Sabah and Sarawak CMs meet, have common goals over Malaysian Agreement 1963 – Nation

Sabah and Sarawak CMs meet, have common goals over Malaysian Agreement 1963 - Nation

KUCHING: Sabah and Sarawak are on the same page when it comes to demanding the return of state rights under the Malaysia Agreement 1963 (MA63).

Sabah Chief Minister Datuk Seri Mohd Shafie Apdal said both states shared a common interest in wanting to see MA63 fulfilled.

“This is because the signing of the Agreement was done by both regions of Sabah and Sarawak along with Peninsular Malaysia.

“To realise (the Agreement), we have to be together to ensure that our voices are not singing a different song,” he told reporters after paying a courtesy call on Sarawak Chief Minister Datuk Patinggi Abang Johari Tun Openg at the State Legislative Assembly complex here on Thursday (Oct 11).

Shafie said restoring state rights under MA63 was important for the benefit of Sabahans and Sarawakians as well as the nation at large.

“I think it’s high time for us to realise that when there are demands coming from Sabah and Sarawak, it doesn’t mean we don’t love Malaysia.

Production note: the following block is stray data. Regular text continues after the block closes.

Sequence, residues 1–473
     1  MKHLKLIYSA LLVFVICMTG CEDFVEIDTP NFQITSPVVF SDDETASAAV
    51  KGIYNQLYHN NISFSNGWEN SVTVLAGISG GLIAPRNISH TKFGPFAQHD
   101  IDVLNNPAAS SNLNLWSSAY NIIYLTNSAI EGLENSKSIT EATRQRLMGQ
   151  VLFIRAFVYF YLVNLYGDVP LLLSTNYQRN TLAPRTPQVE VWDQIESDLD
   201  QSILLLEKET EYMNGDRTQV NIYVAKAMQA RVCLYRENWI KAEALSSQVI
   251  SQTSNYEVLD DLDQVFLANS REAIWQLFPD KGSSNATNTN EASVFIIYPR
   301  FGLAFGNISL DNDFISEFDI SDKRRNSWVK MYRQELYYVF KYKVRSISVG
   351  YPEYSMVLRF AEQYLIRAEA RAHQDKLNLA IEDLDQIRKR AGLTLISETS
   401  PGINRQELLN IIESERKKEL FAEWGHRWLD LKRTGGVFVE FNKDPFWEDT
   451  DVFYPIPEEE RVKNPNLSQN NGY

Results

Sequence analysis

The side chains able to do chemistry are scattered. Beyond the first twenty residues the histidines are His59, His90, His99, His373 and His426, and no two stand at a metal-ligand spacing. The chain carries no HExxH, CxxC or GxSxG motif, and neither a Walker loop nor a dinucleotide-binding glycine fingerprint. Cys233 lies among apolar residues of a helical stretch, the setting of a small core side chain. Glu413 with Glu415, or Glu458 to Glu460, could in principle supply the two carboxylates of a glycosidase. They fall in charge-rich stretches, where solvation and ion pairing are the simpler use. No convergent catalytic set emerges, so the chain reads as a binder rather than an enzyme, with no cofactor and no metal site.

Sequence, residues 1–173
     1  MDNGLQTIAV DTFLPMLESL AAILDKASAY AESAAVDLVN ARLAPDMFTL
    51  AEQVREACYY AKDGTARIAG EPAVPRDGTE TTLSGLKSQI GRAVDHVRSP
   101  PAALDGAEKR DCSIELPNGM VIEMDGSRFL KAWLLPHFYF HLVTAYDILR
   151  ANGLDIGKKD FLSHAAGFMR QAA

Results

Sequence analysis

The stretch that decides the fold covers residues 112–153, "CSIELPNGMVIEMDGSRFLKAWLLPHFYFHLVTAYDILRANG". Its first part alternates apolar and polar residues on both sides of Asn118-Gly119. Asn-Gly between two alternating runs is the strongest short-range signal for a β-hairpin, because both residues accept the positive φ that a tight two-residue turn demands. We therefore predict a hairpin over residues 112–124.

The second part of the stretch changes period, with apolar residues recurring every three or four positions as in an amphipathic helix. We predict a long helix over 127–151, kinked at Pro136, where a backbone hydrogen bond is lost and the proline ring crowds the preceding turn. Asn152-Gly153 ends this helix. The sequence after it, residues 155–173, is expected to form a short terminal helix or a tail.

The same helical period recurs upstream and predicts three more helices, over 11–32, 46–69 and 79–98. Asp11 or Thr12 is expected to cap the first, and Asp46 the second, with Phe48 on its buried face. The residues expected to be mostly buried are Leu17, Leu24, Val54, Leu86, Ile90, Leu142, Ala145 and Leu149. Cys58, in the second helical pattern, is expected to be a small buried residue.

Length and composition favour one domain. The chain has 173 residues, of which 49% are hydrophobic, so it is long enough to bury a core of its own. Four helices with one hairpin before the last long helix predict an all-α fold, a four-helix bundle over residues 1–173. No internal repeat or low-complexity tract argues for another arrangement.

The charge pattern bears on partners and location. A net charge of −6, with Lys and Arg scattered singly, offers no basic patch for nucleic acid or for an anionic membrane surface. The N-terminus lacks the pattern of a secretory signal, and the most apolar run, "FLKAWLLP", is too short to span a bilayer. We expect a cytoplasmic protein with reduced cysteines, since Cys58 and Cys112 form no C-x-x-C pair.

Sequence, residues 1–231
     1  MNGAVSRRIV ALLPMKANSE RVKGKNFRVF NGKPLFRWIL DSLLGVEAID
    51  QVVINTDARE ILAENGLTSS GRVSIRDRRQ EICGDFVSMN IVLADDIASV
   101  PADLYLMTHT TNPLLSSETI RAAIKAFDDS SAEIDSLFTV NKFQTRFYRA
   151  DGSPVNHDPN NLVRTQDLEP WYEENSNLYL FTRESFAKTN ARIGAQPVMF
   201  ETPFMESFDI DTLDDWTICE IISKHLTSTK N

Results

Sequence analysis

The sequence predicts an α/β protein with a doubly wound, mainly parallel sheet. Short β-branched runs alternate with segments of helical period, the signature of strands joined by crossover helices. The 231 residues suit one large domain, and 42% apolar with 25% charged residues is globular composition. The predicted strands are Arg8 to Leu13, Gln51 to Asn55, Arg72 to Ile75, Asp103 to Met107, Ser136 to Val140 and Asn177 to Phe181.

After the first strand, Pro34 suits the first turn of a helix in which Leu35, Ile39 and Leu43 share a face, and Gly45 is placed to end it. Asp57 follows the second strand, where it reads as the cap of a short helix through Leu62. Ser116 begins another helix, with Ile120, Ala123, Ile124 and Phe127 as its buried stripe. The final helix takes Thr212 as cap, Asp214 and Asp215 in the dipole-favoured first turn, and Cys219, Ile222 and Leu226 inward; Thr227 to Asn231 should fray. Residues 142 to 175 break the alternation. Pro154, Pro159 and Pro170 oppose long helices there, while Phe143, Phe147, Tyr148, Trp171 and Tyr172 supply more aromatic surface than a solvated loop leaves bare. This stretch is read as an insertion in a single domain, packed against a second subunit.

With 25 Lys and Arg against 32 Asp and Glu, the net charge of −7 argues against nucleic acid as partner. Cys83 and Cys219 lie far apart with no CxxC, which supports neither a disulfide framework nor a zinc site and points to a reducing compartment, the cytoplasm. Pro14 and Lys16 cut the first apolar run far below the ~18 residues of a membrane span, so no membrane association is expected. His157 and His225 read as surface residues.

“We love Malaysia but what is due (to us), what has been agreed on by our forefathers, we have to fulfil that,” he said.

Abang Johari concurred that Sarawak and Sabah were in agreement with regard to MA63.

“We are on the same page. After all, we are talking about Sabah and Sarawak under MA63,” he said.

Also discussed during the courtesy call were potential areas of collaboration between Sabah and Sarawak, such as developing an automotive industry and supply of electricity.

Shafie said Tan Chong Motor Holdings Bhd had identified a site in the Kota Kinabalu Industrial Park for a car assembly plant.

“We can look into this, perhaps there are some parts that can be manufactured in Sarawak by SMEs.

“So the spillover will not only benefit Sabah, but we want to share also with our neighbouring state Sarawak,” he said.

Meanwhile Abang Johari said Sarawak could supply electricity to Sabah if needed as the state had several hydroelectric plants.

“This is something we can discuss together and work out the details later,” he said.

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